Cast: Dr. Martin Harris (Liam Neeson), Gina (Diane Kruger), Elizabeth Harris (January Jones), Martin B (Aidan Quinn), Ernst Jurgen (Bruno Ganz), Rodney Cole (Frank Langella), Professor Bressler (Sebastian Koch)
Director: Jaume Collet-Serra
Theatrical release: 01/00/1900 DVD Date: 06/21/2011
Rating: PG-13 Running Time: 113 minutes
Note(s): Screenplay adapted from the 2003 novel Hors de moi (Out of My Head) by Didier Van Cauwelaert.
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Review: Based on a French novel, Unknown disappoints on several levels, not the least of which is a muddled storyline that teases viewers with its potential but delivers only in the final few frames.
The movie opens with Dr. Martin Harris and his wife arriving in Berlin for a biotechnology conference. When Martin realizes he has left his briefcase at the airport, he catches a taxi from their hotel only to be involved in an accident that puts him in the hospital. Waking several days later, with little memory of what happened, he returns to the hotel, where his wife denies knowing who he is and more remarkably, a different man, also calling himself Dr. Martin Harris, claims to be her husband. Frantic to know what's going on, he decides to retrace his steps from the day of the accident, and sets out to find the taxi driver, who saved his life.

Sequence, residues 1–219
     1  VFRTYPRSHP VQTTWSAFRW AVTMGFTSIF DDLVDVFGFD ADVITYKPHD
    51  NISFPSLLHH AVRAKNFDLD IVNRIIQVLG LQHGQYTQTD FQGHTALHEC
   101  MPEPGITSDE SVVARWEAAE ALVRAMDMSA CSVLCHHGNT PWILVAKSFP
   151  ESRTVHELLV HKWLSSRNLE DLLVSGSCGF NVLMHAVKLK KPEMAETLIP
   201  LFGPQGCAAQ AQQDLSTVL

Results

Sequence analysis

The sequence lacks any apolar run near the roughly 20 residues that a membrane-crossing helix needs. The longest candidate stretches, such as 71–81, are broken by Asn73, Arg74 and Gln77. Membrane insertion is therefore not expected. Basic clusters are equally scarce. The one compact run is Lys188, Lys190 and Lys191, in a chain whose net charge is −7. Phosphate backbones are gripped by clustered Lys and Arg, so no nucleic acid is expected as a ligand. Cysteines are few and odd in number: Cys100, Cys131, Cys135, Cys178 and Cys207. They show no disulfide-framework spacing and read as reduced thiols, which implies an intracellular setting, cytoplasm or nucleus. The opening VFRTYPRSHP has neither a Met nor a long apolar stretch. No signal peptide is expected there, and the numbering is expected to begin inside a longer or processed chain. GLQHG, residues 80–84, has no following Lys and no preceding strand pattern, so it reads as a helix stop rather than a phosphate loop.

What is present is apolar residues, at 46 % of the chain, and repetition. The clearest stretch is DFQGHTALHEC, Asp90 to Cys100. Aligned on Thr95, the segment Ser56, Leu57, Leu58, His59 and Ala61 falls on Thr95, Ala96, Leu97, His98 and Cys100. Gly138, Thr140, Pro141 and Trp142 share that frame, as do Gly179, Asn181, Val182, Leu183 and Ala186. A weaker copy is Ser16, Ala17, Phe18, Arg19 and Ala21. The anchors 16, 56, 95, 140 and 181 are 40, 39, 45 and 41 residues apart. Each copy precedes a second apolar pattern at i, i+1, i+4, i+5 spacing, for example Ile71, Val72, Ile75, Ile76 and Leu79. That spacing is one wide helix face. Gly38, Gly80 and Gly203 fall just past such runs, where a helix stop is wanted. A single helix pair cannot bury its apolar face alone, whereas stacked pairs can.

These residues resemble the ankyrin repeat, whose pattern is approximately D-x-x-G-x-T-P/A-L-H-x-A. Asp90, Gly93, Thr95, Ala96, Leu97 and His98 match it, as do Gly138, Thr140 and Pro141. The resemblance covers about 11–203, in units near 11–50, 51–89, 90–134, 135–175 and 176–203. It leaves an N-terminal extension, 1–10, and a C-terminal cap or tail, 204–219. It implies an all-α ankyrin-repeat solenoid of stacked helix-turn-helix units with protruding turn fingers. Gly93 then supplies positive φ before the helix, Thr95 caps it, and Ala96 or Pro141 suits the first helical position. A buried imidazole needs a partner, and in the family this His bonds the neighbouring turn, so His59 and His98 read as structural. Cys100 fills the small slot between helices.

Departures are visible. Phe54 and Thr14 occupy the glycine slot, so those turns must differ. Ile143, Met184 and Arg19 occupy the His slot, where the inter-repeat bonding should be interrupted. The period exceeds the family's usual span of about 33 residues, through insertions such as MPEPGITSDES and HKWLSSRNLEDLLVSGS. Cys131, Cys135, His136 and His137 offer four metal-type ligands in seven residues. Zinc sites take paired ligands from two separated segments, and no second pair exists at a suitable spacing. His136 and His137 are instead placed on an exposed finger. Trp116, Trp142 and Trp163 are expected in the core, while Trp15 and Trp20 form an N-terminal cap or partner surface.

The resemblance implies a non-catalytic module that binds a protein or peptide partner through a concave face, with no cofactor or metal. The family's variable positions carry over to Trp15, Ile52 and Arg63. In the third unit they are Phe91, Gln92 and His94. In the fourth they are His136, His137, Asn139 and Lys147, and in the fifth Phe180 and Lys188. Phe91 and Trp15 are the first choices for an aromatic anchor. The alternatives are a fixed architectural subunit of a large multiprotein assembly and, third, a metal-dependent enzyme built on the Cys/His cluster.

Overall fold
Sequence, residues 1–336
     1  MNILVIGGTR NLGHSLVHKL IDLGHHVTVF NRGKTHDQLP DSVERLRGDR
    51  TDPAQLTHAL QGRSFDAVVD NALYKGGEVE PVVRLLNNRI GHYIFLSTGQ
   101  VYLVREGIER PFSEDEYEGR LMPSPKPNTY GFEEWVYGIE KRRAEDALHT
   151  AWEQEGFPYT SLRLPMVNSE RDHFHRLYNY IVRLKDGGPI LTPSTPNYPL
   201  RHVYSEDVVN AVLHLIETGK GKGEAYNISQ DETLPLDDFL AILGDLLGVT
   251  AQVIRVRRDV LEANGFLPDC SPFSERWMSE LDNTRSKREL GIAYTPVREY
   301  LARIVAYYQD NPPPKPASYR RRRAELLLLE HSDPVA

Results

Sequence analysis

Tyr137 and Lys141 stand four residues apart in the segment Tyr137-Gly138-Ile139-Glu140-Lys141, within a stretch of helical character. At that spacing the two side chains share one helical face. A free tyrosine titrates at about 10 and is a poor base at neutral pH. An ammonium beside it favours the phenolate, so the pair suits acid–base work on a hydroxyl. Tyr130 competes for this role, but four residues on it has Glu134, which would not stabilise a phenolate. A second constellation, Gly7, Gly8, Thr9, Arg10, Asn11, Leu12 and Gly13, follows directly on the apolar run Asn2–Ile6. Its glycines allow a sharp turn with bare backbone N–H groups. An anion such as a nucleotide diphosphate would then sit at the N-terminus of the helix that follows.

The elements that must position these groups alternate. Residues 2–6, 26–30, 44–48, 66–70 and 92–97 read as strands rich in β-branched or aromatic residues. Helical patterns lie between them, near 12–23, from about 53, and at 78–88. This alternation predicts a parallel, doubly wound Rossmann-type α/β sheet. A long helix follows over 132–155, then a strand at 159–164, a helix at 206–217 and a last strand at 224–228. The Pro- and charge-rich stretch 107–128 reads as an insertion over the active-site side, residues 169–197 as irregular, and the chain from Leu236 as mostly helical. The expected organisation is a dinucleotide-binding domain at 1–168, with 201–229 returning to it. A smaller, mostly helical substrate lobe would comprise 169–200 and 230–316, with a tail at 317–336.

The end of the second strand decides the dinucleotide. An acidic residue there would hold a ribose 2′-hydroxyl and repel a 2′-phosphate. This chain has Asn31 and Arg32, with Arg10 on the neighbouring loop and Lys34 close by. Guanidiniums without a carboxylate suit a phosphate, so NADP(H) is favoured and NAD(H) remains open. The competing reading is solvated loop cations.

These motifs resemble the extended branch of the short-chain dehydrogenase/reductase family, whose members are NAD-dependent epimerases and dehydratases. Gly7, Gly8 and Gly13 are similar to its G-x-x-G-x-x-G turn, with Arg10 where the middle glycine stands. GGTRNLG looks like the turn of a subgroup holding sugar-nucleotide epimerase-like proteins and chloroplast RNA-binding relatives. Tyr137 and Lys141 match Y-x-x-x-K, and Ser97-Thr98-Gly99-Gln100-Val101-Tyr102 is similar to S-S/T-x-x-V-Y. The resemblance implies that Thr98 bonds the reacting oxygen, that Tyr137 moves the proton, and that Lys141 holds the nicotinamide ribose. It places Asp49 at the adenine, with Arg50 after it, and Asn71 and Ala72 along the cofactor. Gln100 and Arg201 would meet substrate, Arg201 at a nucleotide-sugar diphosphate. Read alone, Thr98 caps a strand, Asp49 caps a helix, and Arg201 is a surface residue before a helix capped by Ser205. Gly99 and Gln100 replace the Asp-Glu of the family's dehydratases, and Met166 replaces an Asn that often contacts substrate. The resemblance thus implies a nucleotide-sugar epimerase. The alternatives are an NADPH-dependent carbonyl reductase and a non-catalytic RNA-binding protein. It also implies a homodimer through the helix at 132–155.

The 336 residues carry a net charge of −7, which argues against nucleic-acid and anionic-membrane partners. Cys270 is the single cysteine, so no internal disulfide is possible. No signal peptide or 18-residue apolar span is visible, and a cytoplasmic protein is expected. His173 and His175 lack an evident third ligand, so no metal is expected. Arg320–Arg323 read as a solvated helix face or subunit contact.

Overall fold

Good premise for a thriller; poorly executed.
For starters, Liam Neeson seems hopelessly miscast here. He never makes a connection with the viewer, and while he's supposed to be playing the part of a man confused about his circumstances, he actually seems more like an actor confused by the silly script in which he's acting. Almost as bad is January Jones as his wife, who can't seem to strike the right note as a woman perplexed by the actions of a man claiming to be her husband. The best performance of the bunch is by Diane Kruger as the taxi driver.
A more serious flaw is that the screenplay is incredibly flat and uninspired, being little more than a series of loosely connected scenes. I'm guessing that someone thought that by not revealing too much they were building suspense to a surprise ending, but nothing could be further from the truth. With that said, the twist at the end is sadly predictable but the twist on the twist is rather unexpected and a pleasant surprise. Still, it's far too little, far too late, with many viewers probably not caring any longer what happens to whom for whatever reason.
It's always disappointing when a good idea for a thriller is mishandled. Unfortunately Unknown is an example of such, though it's not a total loss. It's probably worth a rental for most of us, with only die-hard Liam Neeson fans opting to purchase a copy, just so they can say their collection is complete.